Entries in Mobile Devices (5)


Cyber Monday Deals Lure More Shoppers on Mobile Devices

iStockphoto/Thinkstock(NEW YORK) -- Early estimates of Cyber Monday, the biggest online shopping day of the year, showed sales may reach $2 billion, and a growing portion of that may come from the pockets of a record number of mobile shoppers.

As of 2 p.m. EST, payment system PayPal had a 196-percent increase in mobile payment volume on Cyber Monday 2012 than Cyber Monday 2011. On Black Friday, the increase in the number of people shopping on their mobile devices was stark for PayPal as well as auction site eBay, which owns PayPal. On Friday, there was a 153-percent increase in mobile volume transactions compared to Black Friday last year. PayPal's volume increased almost three-fold, 193 percent, compared to last year's Black Friday.

The annual event is increasingly becoming Cyber Week instead of a one-day event as retailers open their arms for Americans who prefer to avoid crowds and compare prices online., Target, Walmart were all promoting Cyber Week specials in addition to deals exclusive to Cyber Monday.

Shoppers are expected to spend more than $1.5 billion Monday, up 20 percent from last year, according to research firm comScore. Another prediction from Adobe Digital Index forecasts spending will reach $2 billion, as many shoppers were waiting for Monday's online deals to make their purchases.

It has already been a big holiday weekend with a record $59.1 billion spent at U.S. stores and websites, according to the National Retail Federation.

Online sales on Thanksgiving Day, traditionally not a popular day for online shopping, rose 32 percent from last year to $633 million, according to comScore. And online sales on Black Friday were up 26 percent from the same day last year, to $1.042 billion. It was the first time online sales on Black Friday surpassed $1 billion.

The National Retail Federation says 247 million shoppers hit stores and websites to cash in on savings during the holiday weekend, up nine percent from last year. Nearly two-thirds of those shoppers went to stores or hit the Web on Black Friday.

Black Friday is now history along with Small Business Saturday. Now, it's Cyber Monday's turn.

On Twitter, retailers were tweeting in full force. Verizon Wireless purchased Twitter's promoted post, #CyberMonday, while Radio Shack marketed a different deal each hour of the day with the hashtag, #24dealsin24. At noon EST, Radio Shack was offering a TomTom GPS navigator for $99.99 after a discount of 38 percent.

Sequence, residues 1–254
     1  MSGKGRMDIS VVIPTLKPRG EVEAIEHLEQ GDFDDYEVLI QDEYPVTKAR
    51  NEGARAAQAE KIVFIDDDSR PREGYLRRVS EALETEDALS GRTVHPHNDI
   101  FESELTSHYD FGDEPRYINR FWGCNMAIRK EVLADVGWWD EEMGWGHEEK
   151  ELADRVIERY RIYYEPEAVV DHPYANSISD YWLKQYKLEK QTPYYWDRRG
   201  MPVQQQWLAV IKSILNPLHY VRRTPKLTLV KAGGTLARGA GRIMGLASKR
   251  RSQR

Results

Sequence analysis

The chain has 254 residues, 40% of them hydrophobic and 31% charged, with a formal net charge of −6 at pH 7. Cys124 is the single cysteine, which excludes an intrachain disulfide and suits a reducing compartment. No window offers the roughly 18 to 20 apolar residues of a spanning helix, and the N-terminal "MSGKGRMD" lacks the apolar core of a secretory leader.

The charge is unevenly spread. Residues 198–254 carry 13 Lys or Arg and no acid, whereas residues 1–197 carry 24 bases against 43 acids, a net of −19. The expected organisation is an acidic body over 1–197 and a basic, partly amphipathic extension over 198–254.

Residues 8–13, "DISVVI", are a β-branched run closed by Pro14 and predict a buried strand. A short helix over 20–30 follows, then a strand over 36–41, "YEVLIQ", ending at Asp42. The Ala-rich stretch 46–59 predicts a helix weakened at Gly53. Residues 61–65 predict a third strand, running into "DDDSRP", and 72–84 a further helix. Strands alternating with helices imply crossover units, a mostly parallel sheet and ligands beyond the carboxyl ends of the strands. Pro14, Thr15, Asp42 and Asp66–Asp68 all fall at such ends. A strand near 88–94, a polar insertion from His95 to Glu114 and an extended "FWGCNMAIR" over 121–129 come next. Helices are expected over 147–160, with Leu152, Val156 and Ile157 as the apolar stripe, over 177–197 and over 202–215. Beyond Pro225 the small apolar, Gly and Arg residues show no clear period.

From 9 a.m. to 9 p.m. EST, casual clothing and home retailer Land's End is listing door busters with the hashtag, #LE12HRS.

At midnight, was offering as much as 60 percent off a Panasonic VIERA 55-inch TV that's usually priced higher than $1,000. Sears is offering $430 off a Maytag washer and dryer, each on sale for $399. And Kmart is offering 75 percent off diamond earrings.

"Cyber Monday is really all about doing your homework, and it really means looking for the really good deals," retail analyst Marshal Cohen said. "If it's a really good deal, grab it."

But Cyber Monday might be losing its luster. The busiest day for Internet shopping has been overshadowed this year by online sales that started as early as Thanksgiving Day.

"Look for Cyber Monday to be important, but not necessarily getting that same growth rate that they've had in years past," Cohen said.

The rise in smartphones and tablets has changed consumers' shopping habits since Cyber Monday's inception seven years ago. Cyber Monday was first widely publicized by in 2005 to persuade shoppers to buy online, as people were still warming to e-commerce.

"There were so many deals being offered online, starting from Wednesday and all the way through the weekend and now some of the money has already been spent," Cohen said.

Cyber Monday is also an easier alternative for people who don't like long lines and chaos that comes with the Black Friday weekend.

Copyright 2012 ABC News Radio


No-Contract iPhones Coming in Late June

Tony Avelar/Bloomberg via Getty Images(NEW YORK) -- Virgin Mobile USA, one of Sprint's brands for prepaid, no-contract phone service, announced Thursday it will start selling the iPhone later this month.  

For customers looking to purchase the iPhone 4 or 4S without a contract or roaming and activation fees, Virgin Mobile will make the popular Apple smartphone available for as low as $549 dollars for a basic model. The high price of the phone comes with lower monthly charges starting at $30. Cricket, which is set to launch iPhone sales on June 22, will offer the phone for $150 less but with a $55 monthly plan.

Until recently, the iPhone could only be purchased with a contract.  Now wading into the no-contract market, Apple is making its product more accessible to a new set of consumers -- people with lower incomes and shaky credit at best.

Virgin Mobile iPhone sales will begin June 29 at select local retailers, Best Buy, Radio Shack or through its website.

Copyright 2012 ABC News Radio


Smartphones Will Outnumber Humans by 2016

Tony Avelar/Bloomberg via Getty Images(NEW YORK) -- Smartphones are becoming smarter by the day, and by 2016, there’ll be more of them on planet Earth than humans.  Tech giant Cisco Systems estimates there will be 10 billion smartphones and tablets being used on Earth by 2016. The world population by that same year, according to the United Nations, will be 7.3 billion.

Some additional numbers from Cisco:

490 million -- Number of smartphones sold in 2011.
1.4 -- Number of mobile gadgets for every person on Earth in 2016.